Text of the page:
When everyone zigs, you zag: Tips and Tricks for becoming the Best Delegate at Model United Nations

By Marysia Czabanowska, Head of Delegations at UNSA Maastricht

Is it your first time being a delegate? Have you already been infected by the MUN fever? Maybe you are already an expert. Model United Nation conferences are known for being intellectual gatherings of great minds with talented and versatile characters. It is not the easiest crowd to stand out in, as most people have their own, self-tested killer tactics. Anyone can be the best delegate; it all depends on your motivation, passion and willingness to learn. There are no strict steps or procedures to reach the top! Be yourself and make the most out of your character, experience and knowledge. In order to make the process easier for you, here is a list of tips and tricks of how to nail your MUN experience:

1.) Be ahead of the game: no last minutes!

Read the study guide. The study guide is your Rubik’s cube; do everything in your power to solve it. Break down the topic by highlighting its main issues and determining who are the primary, secondary and other actors. Establish who are your potential allies and try to look for common interests. Be prepared for having to do a lot of convincing as first impressions matter. Make other delegates remember you, compromise and provide benefits.

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2.) Having nothing to say is no fun: Research well

There is nothing worse than not having an in-depth knowledge about your country’s policy. Know the weaknesses and strengths of your allocation while always having a plan B. Foresee possible scenarios and gain respect by becoming the encyclopedia of your committee. Make sure to not only know what happens in your country, find out the probable goals and desires of your opponents. Target and specify your research. It is important to know: What are the powers and competences of your committee? What resolutions have been written about the discussed topic? Why did they fail/succeed? How can you improve on them? How has your country acted with respect to the conflict? What actions did it take? Use the resources that the chairs have provided you with, as their knowledge will most likely consist from the information derived from there.

3.) Be a diplomat: deliver sound and coherent arguments

Avoid unnecessary sentences and show immediate plans for action. Have an outline for your steps of action, which are easy for everyone else to follow. Try to stick with three main points and elaborate on them. Each point can and should have sub-sections, however to make everyone listen you must present a definitive and a powerful set of objectives. Speak confidently, stand straight, use catchy phrases and speak stronger if you want to emphasize your point. Know appropriate vocabulary and distinguish the differences between key words. Bind others with offers that are hard to refuse, by introducing clauses in your resolution, which are in favor of their country’s policy.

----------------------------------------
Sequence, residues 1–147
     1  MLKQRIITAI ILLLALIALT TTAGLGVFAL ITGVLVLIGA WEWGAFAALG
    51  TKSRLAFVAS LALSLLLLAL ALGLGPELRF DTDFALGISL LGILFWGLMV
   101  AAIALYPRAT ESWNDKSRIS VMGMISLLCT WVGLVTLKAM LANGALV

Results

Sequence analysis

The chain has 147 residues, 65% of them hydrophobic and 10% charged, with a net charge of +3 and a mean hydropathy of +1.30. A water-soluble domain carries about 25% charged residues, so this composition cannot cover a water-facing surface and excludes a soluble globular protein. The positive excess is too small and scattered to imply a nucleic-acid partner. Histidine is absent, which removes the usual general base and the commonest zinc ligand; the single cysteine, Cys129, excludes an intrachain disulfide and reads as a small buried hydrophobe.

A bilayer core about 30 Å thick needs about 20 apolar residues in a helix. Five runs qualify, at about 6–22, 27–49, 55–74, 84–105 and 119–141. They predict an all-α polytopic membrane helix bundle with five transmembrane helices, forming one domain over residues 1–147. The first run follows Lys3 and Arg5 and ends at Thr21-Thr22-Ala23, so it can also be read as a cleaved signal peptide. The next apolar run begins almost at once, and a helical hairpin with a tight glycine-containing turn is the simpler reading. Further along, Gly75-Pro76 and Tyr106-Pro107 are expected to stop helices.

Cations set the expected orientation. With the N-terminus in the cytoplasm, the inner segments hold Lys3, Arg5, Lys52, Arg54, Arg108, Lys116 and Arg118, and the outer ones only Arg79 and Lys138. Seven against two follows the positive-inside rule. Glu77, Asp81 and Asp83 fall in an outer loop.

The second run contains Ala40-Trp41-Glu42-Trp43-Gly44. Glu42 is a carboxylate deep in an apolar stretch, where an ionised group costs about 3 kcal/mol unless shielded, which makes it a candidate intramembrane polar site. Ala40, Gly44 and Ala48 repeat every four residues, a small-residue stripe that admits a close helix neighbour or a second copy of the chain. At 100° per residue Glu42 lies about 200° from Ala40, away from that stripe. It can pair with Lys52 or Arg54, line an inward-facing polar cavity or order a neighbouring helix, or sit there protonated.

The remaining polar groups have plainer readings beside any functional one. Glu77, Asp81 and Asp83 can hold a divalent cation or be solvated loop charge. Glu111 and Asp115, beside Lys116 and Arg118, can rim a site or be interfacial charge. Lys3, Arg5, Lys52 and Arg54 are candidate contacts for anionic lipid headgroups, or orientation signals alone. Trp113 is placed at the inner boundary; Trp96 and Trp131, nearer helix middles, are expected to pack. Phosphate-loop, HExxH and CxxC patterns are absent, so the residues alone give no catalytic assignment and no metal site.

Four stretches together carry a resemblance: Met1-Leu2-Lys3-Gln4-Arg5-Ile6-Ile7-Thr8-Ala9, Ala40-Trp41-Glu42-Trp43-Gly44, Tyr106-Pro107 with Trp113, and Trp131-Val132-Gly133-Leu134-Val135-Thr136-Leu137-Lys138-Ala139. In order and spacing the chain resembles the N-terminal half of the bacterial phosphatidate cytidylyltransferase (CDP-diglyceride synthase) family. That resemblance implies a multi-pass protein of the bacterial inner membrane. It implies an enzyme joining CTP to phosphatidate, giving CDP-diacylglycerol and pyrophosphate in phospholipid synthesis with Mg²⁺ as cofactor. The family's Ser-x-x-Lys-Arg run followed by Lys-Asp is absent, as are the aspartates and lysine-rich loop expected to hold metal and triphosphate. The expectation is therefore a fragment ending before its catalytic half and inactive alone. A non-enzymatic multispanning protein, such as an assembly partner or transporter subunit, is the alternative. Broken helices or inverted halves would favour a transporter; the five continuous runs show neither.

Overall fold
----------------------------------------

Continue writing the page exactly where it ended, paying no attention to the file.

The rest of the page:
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4.) Get out of the shadow and influence others: inspire

Avoid sounding monotonic. Practice speaking in front of a mirror; make sure to change voice intonations when emphasizing your point. Make eye contact with your peers; look at them when your argument relates to their country’s position. Collaborate with others and mention them in your speeches, which will make them pay closer attention to your words. Use body language and gesticulate with your hands. Don’t be afraid to step out of your comfort zone (sometimes your country’s position differs from your own; learn to argue against yourself). Make sure to keep your arguments clear and easy to understand. Avoid the ‘ummmmms’ and ‘emmmmms’, instead use replacement words or synonyms; take a deep breath or pause.

5.) Get your facts straight

Remember that by using facts and figures, you validate your arguments and opinions. Nobody can argue against facts, but be careful! Good delegates always prepare a set of facts to work with; don’t expect to be the only one. If another delegate steals your facts, approbate them and always try to add something on to their response. Think about unique facts, think about history, and think about previous resolutions.

6.) Become a master of debate by listening

Never think that a topic doesn’t relate to you. Do not show yourself as a ‘weak delegate’, have opinions and do not be afraid to speak up, even if you have little interest in a certain matter, you can still help and offer your assistance. Make yourself seem valuable and show that your country’s policy is malleable.

7.) Do not over-flatter your chairs

Do not become best friends with your chairs and do not try to win their approval by giving compliments, spending time with them during your breaks and focusing your attention on how they would like you to behave. Be yourself and let your success make them notice you.

8.) Work in a team

Do not be selfish during an unmoderated caucus. Do not talk only about your own country’s policies. Do not seek to be the only writer of the resolution. Instead, invite other delegates to influence your actions, ask them about what are their opinions, be understanding and make compromises. You can even try to help the weaker delegates and encourage them to start drafting the resolution; your chairs will notice and respect you for helping others. Make allies and try to remember the names of all delegates or at least the ones who you will be willing to cooperate with. Most importantly: look for common ground and stick to it. Make sure your arguments have a touch of something that everybody will approve and appreciate.

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